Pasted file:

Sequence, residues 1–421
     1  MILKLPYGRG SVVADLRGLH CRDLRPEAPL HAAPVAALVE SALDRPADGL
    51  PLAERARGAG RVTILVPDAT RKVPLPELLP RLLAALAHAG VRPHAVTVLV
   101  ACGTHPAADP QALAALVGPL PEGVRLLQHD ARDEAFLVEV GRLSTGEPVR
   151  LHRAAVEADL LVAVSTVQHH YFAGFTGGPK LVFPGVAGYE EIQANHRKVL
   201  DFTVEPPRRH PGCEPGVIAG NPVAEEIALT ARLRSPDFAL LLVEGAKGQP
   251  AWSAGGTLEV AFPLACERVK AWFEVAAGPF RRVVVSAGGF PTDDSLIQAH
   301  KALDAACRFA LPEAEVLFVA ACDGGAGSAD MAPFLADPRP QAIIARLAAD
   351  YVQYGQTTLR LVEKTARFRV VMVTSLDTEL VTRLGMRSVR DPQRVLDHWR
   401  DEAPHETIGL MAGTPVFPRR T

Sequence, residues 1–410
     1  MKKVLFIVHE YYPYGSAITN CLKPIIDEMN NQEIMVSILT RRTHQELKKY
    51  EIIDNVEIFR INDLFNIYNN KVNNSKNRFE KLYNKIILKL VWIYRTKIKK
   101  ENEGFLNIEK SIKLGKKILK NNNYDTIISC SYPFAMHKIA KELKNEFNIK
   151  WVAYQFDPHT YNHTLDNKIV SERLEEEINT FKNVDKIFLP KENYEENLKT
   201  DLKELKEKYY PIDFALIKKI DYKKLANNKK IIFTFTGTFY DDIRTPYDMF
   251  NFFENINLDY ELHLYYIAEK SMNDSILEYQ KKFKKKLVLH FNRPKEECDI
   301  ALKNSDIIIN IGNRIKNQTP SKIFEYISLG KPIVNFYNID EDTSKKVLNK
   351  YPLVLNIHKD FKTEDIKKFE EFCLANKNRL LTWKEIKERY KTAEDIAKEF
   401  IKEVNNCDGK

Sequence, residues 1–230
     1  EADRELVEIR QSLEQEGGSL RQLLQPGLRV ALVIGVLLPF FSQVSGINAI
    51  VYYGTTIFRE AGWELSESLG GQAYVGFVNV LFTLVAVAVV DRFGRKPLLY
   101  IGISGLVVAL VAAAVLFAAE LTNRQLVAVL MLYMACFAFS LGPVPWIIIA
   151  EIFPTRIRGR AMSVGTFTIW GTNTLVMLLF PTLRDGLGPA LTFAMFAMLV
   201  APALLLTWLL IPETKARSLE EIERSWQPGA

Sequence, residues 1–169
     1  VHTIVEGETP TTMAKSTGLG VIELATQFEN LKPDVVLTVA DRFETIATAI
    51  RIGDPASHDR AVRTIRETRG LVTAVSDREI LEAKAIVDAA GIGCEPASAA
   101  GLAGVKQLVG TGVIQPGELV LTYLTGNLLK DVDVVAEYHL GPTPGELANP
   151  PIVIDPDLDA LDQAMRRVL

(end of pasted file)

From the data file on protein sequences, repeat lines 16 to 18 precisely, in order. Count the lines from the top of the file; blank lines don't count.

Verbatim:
   201  DLKELKEKYY PIDFALIKKI DYKKLANNKK IIFTFTGTFY DDIRTPYDMF
   251  NFFENINLDY ELHLYYIAEK SMNDSILEYQ KKFKKKLVLH FNRPKEECDI
   301  ALKNSDIIIN IGNRIKNQTP SKIFEYISLG KPIVNFYNID EDTSKKVLNK